Mindanao voters think poll automation can't remove cheating: SWS survey


Posted at Mar 17 2009 03:17 PM | Updated as of Apr 03 2009 11:03 PM

Voters in Mindanao may be impressed by the trial automated elections last year, but many still believe automation will not get rid of cheating, a Social Weather Stations survey (SWS) said.

In a survey conducted after the first trial of automated elections in August 2008, 84% of voters from the Autonomous Region of Muslim Mindanao (ARMM) said the election process improved, while only 12% said the process did not improve, and 3% said the process got worse.

A majority of voters (69%) also expressed approval for the proposed poll automation scheme in 2010, while only 8% disagreed, and 24% were undecided.

However, despite expressing approval for poll automations, many voters still believe automated elections will not remove cheating in 2010, with 22% saying there would be a "big possibility," 58% saying there would be "some possibility," and only 19% saying it was not possible.

In a statement, SWS President Dr. Mangar Mangahas clarified the data means that people appreciate how automated voting can improve the quality of elections "in ways that go beyond foiling election cheating." He said poll automation is only one of “steady” steps to “truly” cleaning up election cheating.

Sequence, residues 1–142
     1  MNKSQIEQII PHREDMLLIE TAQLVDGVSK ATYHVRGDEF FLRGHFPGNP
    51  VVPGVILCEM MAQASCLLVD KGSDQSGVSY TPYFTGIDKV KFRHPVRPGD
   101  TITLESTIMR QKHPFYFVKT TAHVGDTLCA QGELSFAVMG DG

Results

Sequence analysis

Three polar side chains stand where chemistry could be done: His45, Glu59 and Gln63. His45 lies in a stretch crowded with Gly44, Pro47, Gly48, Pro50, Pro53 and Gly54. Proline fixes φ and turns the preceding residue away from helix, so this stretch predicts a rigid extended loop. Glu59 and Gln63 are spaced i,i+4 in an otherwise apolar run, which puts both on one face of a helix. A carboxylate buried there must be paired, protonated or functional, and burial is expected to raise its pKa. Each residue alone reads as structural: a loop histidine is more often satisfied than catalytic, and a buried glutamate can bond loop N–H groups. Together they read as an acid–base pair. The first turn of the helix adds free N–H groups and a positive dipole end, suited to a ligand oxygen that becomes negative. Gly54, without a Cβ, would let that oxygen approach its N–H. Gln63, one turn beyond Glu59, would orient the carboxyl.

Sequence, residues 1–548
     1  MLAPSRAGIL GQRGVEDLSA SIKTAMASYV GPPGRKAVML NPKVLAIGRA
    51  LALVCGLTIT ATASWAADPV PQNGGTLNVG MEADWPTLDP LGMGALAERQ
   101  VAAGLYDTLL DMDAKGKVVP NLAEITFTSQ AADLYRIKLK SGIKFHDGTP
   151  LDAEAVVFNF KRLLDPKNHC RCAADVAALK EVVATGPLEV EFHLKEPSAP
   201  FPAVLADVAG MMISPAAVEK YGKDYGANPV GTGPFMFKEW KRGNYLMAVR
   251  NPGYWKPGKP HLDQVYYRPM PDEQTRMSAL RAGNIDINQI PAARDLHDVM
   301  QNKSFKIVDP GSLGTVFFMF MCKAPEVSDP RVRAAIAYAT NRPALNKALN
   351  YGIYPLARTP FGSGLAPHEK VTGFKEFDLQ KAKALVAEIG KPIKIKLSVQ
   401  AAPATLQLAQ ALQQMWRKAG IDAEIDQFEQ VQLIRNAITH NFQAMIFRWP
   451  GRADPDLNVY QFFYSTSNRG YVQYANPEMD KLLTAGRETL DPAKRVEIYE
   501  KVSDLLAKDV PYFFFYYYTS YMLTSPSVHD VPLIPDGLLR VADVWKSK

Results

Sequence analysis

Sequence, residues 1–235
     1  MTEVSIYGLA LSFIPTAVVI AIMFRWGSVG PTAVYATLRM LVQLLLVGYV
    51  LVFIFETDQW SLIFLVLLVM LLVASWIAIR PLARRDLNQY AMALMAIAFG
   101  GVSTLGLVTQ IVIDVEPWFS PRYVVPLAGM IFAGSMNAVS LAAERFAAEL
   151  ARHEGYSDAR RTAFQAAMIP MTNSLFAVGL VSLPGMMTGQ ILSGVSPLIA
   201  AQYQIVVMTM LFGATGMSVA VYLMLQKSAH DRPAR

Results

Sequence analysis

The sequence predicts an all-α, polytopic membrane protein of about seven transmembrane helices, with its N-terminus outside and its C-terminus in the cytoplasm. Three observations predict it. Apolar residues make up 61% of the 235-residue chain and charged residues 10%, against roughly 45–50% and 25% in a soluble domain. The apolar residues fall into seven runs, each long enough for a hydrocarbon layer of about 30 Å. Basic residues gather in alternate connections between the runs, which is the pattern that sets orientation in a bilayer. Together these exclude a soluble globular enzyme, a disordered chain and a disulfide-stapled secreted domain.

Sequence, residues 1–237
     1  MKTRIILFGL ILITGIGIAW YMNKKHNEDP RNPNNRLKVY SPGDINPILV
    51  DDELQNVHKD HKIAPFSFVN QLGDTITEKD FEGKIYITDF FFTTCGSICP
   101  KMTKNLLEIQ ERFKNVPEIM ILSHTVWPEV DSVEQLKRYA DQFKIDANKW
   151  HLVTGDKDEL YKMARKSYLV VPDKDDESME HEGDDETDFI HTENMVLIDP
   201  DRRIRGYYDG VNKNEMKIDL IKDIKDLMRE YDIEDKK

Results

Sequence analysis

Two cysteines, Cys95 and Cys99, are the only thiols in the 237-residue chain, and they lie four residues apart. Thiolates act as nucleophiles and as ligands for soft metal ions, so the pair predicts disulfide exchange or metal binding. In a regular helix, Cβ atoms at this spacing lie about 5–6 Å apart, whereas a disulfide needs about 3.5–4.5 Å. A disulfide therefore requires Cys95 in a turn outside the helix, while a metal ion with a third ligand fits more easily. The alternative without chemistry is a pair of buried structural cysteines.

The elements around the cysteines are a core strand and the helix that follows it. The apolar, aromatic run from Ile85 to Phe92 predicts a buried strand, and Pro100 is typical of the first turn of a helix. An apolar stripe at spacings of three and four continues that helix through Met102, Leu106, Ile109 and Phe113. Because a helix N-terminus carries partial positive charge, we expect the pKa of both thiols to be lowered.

The Asia Foundation-sponsored survey had a total of 900 respondents, with 100 respondents each from Basilan, Tawi-Tawi, Sulu, Lanao del Sur, Marawi City, and Shariff Kabunsuan and 300 respondents from Maguindanao.

'Try it to believe it'

The SWS also noted an increase in voter confidence on automated elections once the voters had tried the machines for themselves. Voters were able to try out the Optical Mark Reader (OMR) system, where ballots would be fed into the machines, and the Direct Recording Equipment (DPE) system, where voters choose their candidates on a touch-screen computer.

Before trial poll automations, the SWS conducted a national survey from September to October 2008, which revealed voters were split almost down the middle when it came to poll automations. The survey showed that 55% said poll automations would improve elections and 42% said it would not or that it would make elections worse.

'Cheating down in 2007'

An SWS post-election nationwide survey in June 2007, meanwhile, showed that less and less voters see "election irregularities" like vote-buying, cheating in vote-counting, flying voters, and harassment of voters.

In the case of vote-buying, for example, witness reports fell from 18% in 2004 to 13% in 2007, and 41% were sure it did not happen in their area, 23% were not sure, while 23% said they only heard about it.

"The declines in irregularities over 2001 to 2007 are good to see, but no cause for complacency, for even small impurities in a system can cause great harm," Mangahas said in his report.

For cheating in vote counting, 59% were sure it did not happen in their area, 24% were unsure, 15% heard about incidents, and only 2% said they actually saw it. Further, a majority (62%) said there were no flying voters in their area, 23% were unsure, 12% heard about it, and 2% witnessed incidents. There were also less voter harassment cases perceived by voters in 2007, with 67% saying there was none in their area, 22% were unsure, 9% heard about it, and 2% witnessed it.